In addition, condemnation of Israeli policies includes accidental civilian casualties. Indeed, whenever military operations take place against terrorists and their infrastructure, whether in Afghanistan or Jenin, civilian deaths may occur. While some Israeli operations have also led to "collateral damage", the emphasis is on avoiding or minimizing this impact. Precise intelligence information has helped the IDF to pinpoint the location of those individuals engaged in terrorism, and, in most cases, to avoid wider damage. In the Israeli operation in the small section of the Jenin camp following the horror of the Passover terror attacks, the IDF did not chose massive bombardment, but rather sent in ground troops. As a result of this moral and humanitarian policy, 13 Israeli soldiers were killed in Jenin when they walked into a building that had been booby-trapped. It would have been far more effective and less costly for the IDF to bomb the hub of terrorist operations from a distance, but Israeli decision makers did not chose this option.

Similarly, planned targeted attacks by Israel have been called off due to concern regarding civilian deaths, and individual soldiers have raised strong objections when they felt that a military action could result in civilian casualties. The Israeli Supreme Court has considered these issues in great detail and its carefully argued decisions are studied and cited throughout the world. In cases in which Israeli soldiers are suspected of abusing their authority, legal proceedings are initiated. Indeed, few if any other nations under conditions of mass terror and war have adhered to the real principles of human rights as closely as Israel.

These dimensions and responses to the dangers of terrorism and war are all part of the Israeli reality, and information is widely available, but they are generally unacknowledged by the organizations and individuals that often speak in the name of “human rights”. As a result, many Israelis and others dismiss the reports issued by human rights organizations as little more than cynical contributions to the political and ideological campaign to delegitimatize Israel.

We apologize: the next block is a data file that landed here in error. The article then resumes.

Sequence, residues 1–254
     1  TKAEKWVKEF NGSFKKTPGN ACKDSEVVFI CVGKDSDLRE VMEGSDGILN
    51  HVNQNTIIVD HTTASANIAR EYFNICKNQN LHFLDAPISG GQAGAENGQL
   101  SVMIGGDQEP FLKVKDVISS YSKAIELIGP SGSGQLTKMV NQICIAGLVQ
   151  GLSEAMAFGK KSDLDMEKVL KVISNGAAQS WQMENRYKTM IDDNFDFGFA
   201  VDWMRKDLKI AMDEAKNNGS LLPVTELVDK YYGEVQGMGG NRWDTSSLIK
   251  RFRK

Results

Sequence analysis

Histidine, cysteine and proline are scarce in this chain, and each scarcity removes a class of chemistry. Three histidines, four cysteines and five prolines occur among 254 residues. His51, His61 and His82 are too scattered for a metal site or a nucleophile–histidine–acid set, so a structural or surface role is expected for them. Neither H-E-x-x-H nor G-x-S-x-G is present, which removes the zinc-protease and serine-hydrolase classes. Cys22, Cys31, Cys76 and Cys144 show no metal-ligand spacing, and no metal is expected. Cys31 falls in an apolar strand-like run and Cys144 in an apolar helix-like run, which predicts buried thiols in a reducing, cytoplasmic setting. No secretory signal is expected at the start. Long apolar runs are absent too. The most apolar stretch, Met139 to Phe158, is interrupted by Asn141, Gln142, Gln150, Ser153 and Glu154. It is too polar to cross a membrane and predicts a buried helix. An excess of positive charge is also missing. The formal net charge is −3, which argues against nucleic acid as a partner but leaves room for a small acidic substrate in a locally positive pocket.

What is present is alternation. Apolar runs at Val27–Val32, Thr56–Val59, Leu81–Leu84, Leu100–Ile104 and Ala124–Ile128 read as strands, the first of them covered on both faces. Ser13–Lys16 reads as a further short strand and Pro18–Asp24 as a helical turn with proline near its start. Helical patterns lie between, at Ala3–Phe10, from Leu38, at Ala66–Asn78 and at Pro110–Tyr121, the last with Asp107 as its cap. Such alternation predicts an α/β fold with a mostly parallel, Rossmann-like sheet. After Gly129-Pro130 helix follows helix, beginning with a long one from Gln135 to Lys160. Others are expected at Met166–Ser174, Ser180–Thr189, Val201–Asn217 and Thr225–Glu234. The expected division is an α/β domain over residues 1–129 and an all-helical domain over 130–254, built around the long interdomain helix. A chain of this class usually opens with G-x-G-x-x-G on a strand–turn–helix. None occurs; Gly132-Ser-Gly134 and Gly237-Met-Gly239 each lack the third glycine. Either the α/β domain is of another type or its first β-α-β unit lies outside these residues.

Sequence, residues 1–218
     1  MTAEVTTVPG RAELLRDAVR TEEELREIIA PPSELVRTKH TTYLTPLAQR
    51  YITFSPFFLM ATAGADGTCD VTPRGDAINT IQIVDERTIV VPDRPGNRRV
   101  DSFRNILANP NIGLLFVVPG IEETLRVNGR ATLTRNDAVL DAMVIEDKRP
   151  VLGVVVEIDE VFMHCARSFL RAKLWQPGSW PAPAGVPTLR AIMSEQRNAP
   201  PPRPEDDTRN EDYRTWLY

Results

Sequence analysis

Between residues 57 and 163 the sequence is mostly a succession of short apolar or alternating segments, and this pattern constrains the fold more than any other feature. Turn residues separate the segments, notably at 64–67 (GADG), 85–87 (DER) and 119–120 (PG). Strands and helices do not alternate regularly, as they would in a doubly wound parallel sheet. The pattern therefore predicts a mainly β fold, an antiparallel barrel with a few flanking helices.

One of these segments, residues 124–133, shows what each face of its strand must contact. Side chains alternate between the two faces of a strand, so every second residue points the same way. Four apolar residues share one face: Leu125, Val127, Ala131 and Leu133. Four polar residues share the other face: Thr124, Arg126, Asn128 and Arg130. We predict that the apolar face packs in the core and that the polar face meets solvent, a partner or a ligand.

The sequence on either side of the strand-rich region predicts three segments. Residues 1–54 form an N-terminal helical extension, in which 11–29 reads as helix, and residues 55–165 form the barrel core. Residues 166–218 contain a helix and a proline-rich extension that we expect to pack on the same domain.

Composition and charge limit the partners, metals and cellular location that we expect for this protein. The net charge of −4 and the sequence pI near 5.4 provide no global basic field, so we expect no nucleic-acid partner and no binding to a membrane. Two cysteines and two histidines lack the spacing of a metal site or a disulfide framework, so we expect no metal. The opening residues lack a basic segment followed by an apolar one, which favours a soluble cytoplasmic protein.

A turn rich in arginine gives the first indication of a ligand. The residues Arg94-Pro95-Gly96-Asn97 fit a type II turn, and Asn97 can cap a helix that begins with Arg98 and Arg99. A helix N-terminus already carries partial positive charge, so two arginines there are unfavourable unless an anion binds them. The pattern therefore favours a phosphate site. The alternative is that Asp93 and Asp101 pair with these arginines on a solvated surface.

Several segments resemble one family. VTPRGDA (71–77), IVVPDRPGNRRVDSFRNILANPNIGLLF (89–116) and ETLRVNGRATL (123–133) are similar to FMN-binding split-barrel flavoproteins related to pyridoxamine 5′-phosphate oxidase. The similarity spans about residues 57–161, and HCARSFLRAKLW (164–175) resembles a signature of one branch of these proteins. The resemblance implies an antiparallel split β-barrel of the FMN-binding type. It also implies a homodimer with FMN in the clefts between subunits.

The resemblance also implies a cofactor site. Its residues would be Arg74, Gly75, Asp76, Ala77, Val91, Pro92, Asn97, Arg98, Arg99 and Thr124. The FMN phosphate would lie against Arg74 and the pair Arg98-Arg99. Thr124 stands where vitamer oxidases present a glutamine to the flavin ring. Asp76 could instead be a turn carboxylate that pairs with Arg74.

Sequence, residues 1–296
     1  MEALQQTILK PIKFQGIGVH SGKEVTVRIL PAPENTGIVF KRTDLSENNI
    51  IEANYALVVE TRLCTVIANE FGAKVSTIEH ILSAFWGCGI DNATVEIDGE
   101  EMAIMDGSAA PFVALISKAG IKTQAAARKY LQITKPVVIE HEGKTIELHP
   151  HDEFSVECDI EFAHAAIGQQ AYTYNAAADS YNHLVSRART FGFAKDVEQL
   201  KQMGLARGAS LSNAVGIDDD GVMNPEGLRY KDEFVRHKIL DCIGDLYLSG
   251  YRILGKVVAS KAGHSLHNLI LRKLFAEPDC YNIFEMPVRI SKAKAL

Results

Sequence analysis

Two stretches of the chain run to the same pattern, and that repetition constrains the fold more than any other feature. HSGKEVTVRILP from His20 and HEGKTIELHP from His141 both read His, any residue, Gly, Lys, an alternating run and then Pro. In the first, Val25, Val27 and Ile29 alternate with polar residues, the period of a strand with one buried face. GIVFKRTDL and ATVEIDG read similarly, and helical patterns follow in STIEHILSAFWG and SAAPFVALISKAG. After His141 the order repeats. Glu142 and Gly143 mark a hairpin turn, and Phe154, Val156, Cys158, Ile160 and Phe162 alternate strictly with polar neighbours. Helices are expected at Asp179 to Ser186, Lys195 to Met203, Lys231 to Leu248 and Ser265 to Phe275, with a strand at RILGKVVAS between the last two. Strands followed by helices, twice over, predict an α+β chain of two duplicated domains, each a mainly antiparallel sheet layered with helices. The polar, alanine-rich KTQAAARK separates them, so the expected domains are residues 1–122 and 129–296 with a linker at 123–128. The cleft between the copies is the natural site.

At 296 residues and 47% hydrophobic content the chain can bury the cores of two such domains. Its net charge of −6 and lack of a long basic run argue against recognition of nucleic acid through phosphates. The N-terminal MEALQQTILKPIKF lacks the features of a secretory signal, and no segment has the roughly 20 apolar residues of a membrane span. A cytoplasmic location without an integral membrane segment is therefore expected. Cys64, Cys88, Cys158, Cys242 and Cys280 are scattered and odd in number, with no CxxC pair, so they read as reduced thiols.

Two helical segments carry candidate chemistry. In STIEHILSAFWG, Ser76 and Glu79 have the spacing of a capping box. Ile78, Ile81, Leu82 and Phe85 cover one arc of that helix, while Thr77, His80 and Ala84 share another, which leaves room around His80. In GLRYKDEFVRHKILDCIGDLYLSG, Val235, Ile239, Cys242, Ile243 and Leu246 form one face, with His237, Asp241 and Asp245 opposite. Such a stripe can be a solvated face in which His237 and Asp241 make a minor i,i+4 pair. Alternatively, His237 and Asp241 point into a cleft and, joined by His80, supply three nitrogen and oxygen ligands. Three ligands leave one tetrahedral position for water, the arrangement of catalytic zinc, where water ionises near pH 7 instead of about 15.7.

Indeed, from the dominant Israeli perspective, the framework of human rights has been cynically exploited to support anti-Israel political objectives. One-sided denunciations of “excessive use of force” in response to the Palestinian suicide attacks, and the participation of many NGOs in the demonization of Israel at the 2001 Durban “anti-racism” conference have reinforced perceptions regarding the political manipulation of human rights. As a result of positions that echo Palestinian political views, groups such as the United Nations Human Rights Commission, Amnesty International, the Israeli branch of Physicians for Human Rights are seen by many Israelis and others around the world as hostile organizations devoid of moral standing or impact.

The tendentious references to “war crimes” are also seen to reflect political and ideological positions regarding Israel and “the occupation”. In some cases, Palestinian terrorism and murder are justified as “legitimate resistance” under the slogan of human rights, and gross distortion of the reality of terrorism to which Israel is forced to respond is commonplace. (The article by Jeremy Milgrom in Human Rights Dialogue 2:8 uses terms such as “alleged terrorists” and “Palestinian resistance organizations” to refer to people and groups who have boasted about their role in terrorism.)

There is, of course, intense disagreement regarding Israeli policies following the defensive war in 1967 that led to the capture of the West Bank (occupied by Jordan in the 1948 war). Different terms are used to describe this territory, such as “occupied” or “disputed”, and the wisdom and legality of settlement policies are hotly debated. However, the Israel public and governments have accepted the concept of “land for peace”, and have moved to implement this policy, as seen in the proposals presented in the 2000 Camp David summit.

The cynical and one-sided condemnations have gravely damaged the credibility of the human rights community in Israel. In order to repair the damage to its reputation and potential impact, the human rights community must end such partisan political and ideological activities.